company man

- a person who always works hard and agrees with his employees

My father was a true company man and was always putting in an extra effort for his company.

company town

- a town dominated by one industry or company

When the coal mine closed down the company town faced severe economic times.

cut back

- use fewer or use less

The company has been cutting back on entertainment expenses for over a year now.

cut corners

- economize

We have been forced to economize on stationary expenses during these severe economic times.

cut off

- interrupt or stop

The speech of the president was cut off when the electricity went off in the building.

cut one's losses

- do something to stop losing money or something

We should sell the old machinery as soon as possible and try and cut our losses.

deliver the goods

- succeed in doing well what is expected

The new owner of the company is not very popular but he is able to deliver the goods.


- check something again to confirm

We were unable to double-check the costs of the new products before the price list was printed.

face value

- the official worth or trust of something

Although the face value of the postage stamp was very low it sold at the auction for much money.

fair play

- justice, equal and right action to someone

The company is very good to work for as they always use fair play when they are bargaining with their employees.

figure out

- find an answer by thinking about something

Everyone in our company is trying to figure out what our boss is going to do with the new equipment.

fill the bill

- be just what is needed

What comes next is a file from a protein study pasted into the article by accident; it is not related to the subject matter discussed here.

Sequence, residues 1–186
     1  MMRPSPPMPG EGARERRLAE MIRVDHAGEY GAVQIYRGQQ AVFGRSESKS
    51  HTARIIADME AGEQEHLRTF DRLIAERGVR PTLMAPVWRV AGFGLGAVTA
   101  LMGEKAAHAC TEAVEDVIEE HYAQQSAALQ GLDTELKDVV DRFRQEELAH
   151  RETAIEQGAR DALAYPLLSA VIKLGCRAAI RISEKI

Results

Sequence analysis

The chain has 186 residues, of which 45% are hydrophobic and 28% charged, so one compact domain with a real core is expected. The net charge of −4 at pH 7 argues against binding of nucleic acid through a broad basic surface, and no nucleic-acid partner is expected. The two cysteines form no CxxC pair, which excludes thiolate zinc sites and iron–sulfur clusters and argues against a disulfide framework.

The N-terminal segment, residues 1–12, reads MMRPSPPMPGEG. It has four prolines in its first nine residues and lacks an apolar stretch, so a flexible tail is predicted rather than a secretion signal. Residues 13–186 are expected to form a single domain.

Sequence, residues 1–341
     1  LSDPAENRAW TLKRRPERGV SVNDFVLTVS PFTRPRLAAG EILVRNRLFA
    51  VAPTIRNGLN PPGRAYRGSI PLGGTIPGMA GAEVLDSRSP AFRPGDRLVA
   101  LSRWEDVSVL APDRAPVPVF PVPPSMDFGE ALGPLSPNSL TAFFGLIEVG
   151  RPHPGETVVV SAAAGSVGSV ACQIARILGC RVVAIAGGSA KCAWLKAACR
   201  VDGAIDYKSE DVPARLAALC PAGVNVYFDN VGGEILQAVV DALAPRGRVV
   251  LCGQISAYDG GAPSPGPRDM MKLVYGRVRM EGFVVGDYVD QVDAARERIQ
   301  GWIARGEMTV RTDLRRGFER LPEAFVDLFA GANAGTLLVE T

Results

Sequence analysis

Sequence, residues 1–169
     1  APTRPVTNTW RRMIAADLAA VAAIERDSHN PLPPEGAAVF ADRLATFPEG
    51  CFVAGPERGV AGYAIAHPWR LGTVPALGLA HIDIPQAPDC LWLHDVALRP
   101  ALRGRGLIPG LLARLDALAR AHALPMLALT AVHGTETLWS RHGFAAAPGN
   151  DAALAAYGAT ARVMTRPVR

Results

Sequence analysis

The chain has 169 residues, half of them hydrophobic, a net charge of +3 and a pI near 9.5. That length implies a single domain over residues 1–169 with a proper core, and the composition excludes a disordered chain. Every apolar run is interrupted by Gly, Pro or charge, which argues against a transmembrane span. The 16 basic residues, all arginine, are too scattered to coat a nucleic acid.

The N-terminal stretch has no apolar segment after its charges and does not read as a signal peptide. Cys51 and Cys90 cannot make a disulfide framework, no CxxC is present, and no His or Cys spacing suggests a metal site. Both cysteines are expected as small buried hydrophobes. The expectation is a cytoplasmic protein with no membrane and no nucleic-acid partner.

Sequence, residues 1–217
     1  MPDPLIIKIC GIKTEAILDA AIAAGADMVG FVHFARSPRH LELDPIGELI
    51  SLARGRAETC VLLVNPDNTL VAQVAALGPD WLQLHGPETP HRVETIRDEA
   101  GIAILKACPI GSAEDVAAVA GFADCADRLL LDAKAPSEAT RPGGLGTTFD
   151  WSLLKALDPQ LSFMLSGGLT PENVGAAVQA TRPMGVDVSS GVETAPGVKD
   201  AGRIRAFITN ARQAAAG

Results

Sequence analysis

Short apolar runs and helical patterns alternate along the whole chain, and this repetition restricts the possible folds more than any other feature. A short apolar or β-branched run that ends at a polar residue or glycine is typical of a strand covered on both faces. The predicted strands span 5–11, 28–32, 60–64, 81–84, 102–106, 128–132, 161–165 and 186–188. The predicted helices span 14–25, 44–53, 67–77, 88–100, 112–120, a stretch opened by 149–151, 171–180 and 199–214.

That new machine should fill the bill as to what we need to finish the job.

finger in the pie

- involved in what is happening, receiving money for something

The new manager has his finger in the pie in all aspects of our company's business.

gain ground

- go forward, make progress

Our company has been gaining ground in our attempt to be the best in the industry.

get a break

- get an opportunity or good deal

We were able to get a break on the price of the paint and saved a lot of money.

get off the ground

- make a successful beginning, go ahead

We were unable to get the new product off the ground and will have to wait until next year.

give someone the green light

- give permission to go ahead with a project

Our boss gave us the green light to begin work on the new sales promotion.

go public

- sell shares of a privately owned company to the public

The stock of the Internet company rose very quickly when they went public.

go through with

- finish, do as planned or agreed

We have decided not to go through with our plans to launch the new product until we have solved all of its problems.

hard sell

- sell something by being very aggressive

The car salesman gave us a hard sell so we decided to go to another dealer.

heads will roll

- someone will be punished

Heads will roll when our boss learns about the money that we have lost recently.

in black and white

- in writing

The company refused to deal with the customer's complaints until they saw them in black and white.

in charge of

- in control of, responsible for

My sister has been in charge of buying supplies at her company for many years.

in short supply

- not enough, in less than the amount or number needed

Experienced computer programmers are in short supply at our company.

in stock

- have something ready to sell or use

They didn't have any computer printer ribbons in stock at the store.

in the black

- successful or making money

The new company has been in the black for over a year now.

in the long run

- in the final result

The company has been losing money recently but in the long run they should do very well.

in the market for

- ready to buy something

We have been in the market for a new computer for a long time but still we haven't bought one.

in the red

- losing money, unprofitable